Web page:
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The Blocked Trail (1943)

 -  Western  -  12 March 1943 (USA)
7.3
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Ratings: 7.3/10 from 55 users  
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Everyone is looking for a three foot high horse called Brilliant that can lead them to a gold mine. It's owner has been killed and the Three Mesquiteers have been mistakenly arrested for the murder.

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(original screenplay), (original screenplay), 1 more credit »
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Title: The Blocked Trail (1943)

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Cast

Complete credited cast:
...
Tom Tyler ...
Jimmie Dodd ...
Helen Deverell ...
Ann Martin
George J. Lewis ...
Freddy (as George Lewis)
Walter Soderling ...
Martin
Charles Miller ...
Frank Nolan (as Charkes F. Miller)
Kermit Maynard ...
Henchman Reese
Pierce Lyden ...
Henchman Rankin
Carl Mathews ...
Henchman Lon
Hal Price ...
Sheriff Pillsbury
Budd Buster ...
Deputy Bets McGee
Brilliant ...
Brilliant - Martin's horse (as Brilliant The Horse)
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Storyline

Everyone is looking for a three foot high horse called Brilliant that can lead them to a gold mine. It's owner has been killed and the Three Mesquiteers have been mistakenly arrested for the murder.

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Taglines:

PACKED WITH THRILLS...LOADED WITH ACTION!,,,as the Mesquiteers tackle their most dangerous range job! See more »

Genres:

Western

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Release Date:

12 March 1943 (USA)  »

Also Known As:

The Blocked Trail  »

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Technical Specs

Runtime:

Sound Mix:

(RCA Sound System)

Aspect Ratio:

1.37 : 1
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Connections

Followed by Santa Fe Scouts (1943) See more »

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User Reviews

 
One for all and all for one
19 March 2006 | by (Van Buren, Arkansas) – See all my reviews

Republic Studios made fifty one shoot-'em-ups based on characters created by novelist William Colt MacDonald who based his on characters by Alexandre Dumas). The Three Mesquiteers were dedicated to the proposition "One for all and all for one." Republic made several mix and match outings of the indomitable trio of cowboys. The one most remembered consisted of Bob Livingston (as Stony Brooke), Ray Corrigan (as Tucson Smith), Max Terhune (as Lullaby Joslin). At one time even the Duke himself was a Mesquiteer. The trio for "Blocked Trail" was the final lineup and it was a good one: Bob Steele (as Tucson Smith), Tom Tyler (as Stony Brooke), and Jimmie Dodd (as Lullaby Joslin). The trio consisted of a dashing tall man on a white horse who at times provided the romance, a gunslinger, and a comic.

Bob Steele was not only a fine actor but a feisty pint-sized fighter, known for his speed and agility. Tom Tyler made his presence known both by appearance and by his deep commanding voice. Jimmie Dodd was actually funny; plus he was a man of many talents. One wonders why Republic didn't capitalize on his musical ability. Dodd was a renowned songwriter (he wrote the official song for the District of Columbia), guitar player, and singer. Disney later chose him to lead "The Mickey Mouse Club."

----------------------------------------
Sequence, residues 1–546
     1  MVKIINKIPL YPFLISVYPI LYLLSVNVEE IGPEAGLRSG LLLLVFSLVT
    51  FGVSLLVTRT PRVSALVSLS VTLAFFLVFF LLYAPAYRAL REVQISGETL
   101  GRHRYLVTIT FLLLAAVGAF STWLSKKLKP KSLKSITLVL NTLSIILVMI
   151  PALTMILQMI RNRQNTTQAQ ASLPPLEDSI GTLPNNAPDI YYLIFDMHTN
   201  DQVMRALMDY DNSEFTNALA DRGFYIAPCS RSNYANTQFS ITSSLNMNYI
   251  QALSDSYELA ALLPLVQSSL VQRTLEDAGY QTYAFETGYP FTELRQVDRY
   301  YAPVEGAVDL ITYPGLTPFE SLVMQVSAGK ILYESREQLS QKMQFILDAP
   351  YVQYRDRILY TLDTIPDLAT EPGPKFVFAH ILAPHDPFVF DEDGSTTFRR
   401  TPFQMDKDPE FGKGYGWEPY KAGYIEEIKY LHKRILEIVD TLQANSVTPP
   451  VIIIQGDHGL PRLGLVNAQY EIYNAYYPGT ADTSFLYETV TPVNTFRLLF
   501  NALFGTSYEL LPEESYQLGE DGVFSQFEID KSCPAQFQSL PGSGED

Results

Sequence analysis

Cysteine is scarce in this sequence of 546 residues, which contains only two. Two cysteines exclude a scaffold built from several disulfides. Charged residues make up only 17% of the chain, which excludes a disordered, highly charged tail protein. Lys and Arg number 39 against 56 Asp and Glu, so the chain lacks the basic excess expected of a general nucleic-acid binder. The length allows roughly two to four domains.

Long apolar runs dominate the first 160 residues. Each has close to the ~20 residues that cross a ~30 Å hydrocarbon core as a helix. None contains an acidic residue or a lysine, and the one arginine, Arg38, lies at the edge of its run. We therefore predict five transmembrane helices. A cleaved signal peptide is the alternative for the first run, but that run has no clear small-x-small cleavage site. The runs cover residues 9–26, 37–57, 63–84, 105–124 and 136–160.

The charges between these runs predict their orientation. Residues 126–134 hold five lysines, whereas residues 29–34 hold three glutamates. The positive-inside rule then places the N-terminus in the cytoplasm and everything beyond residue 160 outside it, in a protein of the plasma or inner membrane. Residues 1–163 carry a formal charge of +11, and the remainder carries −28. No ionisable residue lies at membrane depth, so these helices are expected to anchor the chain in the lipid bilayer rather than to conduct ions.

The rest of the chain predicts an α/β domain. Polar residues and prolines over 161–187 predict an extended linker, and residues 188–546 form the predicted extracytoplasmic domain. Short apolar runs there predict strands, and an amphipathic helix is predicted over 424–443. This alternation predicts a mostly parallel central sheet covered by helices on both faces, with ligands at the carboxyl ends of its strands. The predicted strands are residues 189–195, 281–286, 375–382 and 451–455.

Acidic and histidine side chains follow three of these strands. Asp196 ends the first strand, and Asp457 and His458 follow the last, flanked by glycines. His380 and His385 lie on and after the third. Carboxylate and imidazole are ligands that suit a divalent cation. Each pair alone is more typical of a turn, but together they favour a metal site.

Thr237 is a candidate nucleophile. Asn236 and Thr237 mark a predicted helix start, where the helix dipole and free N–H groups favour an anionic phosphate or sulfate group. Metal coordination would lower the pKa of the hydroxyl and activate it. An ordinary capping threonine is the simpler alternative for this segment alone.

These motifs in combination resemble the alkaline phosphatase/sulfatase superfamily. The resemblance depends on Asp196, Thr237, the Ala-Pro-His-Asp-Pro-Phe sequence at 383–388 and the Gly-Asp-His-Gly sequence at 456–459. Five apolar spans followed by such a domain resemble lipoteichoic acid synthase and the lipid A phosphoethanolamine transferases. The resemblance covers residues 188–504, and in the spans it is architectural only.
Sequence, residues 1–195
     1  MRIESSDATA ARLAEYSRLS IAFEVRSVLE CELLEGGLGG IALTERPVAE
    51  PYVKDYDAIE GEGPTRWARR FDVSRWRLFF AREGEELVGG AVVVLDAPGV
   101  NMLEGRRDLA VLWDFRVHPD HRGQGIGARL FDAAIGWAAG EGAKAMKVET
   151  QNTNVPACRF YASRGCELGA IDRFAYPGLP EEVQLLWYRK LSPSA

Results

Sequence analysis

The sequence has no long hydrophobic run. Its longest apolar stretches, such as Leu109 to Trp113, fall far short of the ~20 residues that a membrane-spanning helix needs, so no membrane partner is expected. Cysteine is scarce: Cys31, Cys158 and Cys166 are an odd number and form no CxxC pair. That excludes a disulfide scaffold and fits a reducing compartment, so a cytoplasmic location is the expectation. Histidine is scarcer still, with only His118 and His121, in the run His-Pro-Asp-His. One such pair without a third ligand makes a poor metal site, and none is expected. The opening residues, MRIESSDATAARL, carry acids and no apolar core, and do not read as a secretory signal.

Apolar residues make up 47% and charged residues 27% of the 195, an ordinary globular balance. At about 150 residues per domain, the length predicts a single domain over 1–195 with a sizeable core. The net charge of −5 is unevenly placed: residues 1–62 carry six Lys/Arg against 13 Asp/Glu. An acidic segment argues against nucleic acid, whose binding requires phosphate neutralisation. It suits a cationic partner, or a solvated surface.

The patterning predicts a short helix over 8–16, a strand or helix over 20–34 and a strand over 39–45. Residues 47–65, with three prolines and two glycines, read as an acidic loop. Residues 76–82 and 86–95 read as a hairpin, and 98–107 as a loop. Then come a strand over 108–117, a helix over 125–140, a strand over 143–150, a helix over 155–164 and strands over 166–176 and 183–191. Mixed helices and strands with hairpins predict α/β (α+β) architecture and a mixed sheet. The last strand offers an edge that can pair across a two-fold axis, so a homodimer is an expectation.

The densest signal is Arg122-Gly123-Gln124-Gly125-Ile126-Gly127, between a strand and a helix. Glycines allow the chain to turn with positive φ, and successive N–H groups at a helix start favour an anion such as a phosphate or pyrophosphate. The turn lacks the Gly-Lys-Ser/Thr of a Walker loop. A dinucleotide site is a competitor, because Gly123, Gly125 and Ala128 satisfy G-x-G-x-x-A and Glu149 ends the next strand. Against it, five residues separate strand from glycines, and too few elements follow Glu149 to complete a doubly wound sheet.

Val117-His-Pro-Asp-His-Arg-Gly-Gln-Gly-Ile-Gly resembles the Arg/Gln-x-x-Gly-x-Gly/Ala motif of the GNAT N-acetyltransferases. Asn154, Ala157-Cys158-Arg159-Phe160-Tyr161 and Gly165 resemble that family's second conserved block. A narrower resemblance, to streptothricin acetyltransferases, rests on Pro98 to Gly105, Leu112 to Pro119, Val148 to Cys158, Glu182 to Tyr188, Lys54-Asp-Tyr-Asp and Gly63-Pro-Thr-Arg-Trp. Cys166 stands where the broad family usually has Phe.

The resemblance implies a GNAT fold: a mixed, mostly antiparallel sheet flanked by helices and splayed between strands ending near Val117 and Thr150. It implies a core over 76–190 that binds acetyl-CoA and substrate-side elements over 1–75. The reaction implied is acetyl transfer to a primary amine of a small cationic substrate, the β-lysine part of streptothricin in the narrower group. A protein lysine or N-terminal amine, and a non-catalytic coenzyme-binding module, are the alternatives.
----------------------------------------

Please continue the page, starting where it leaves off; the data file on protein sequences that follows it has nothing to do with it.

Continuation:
"Blocked Trail" was one of the last of the Three Mesquiteers films. The title is a good one, though still somewhat generic. That there is a lot of humor in this picture doesn't lessen the action. Republic made sure of that. The chases in particular are well done with plenty of excitement and dare-devil stunt work.

The story centers around a little horse named Brilliant. When Lullaby is informed about the horse's three feet (meaning height), he replies, "How does it get around? On crutches?" The owner, a blind hermit,'Mad' Martin, is murdered for his gold. No one knows where his gold mine is, not even his daughter, except the little horse. So everyone, the good guys and the bad guys, seeks to capture Brilliant. Needless to say, many times the "seeing-eye" horse makes jackasses out of those trying to corral it and often steals the show. The viewer doesn't get a good look at the killer, though he's not that hard to figure out as the story progresses.

Of note in the comedy department is the inclusion of a fake Indian, Chief Plenty Harvest, played by the ultimate con artist Earle Hodgins. Like so many character actors, viewers will recognize his face (even disguised as an Indian) though possibly not his name. Hodgins was the first to popularize the expression, "Go away, son, you bother me." Usually he's not all that funny by today's standards, more obnoxious than humorous, but in "Blocked Trail," especially toward the end when he often slips into speaking plain English instead of a phony Indian lingo, he is hilarious.

Helen Deverell who plays the part of Mad Martin's daughter comes across as a rough and tumble cowgirl who is always being rescued by the Three Mesquiteers but not without protest. One wonders why no romantic relationship was written in for her and Stony. She had a very brief movie career. In "Blocked Trail," she shows a lot of potential.

Though not up to par with some other Three Mesquiteers oaters, this one still works for the fans and the humor works most of the time too.


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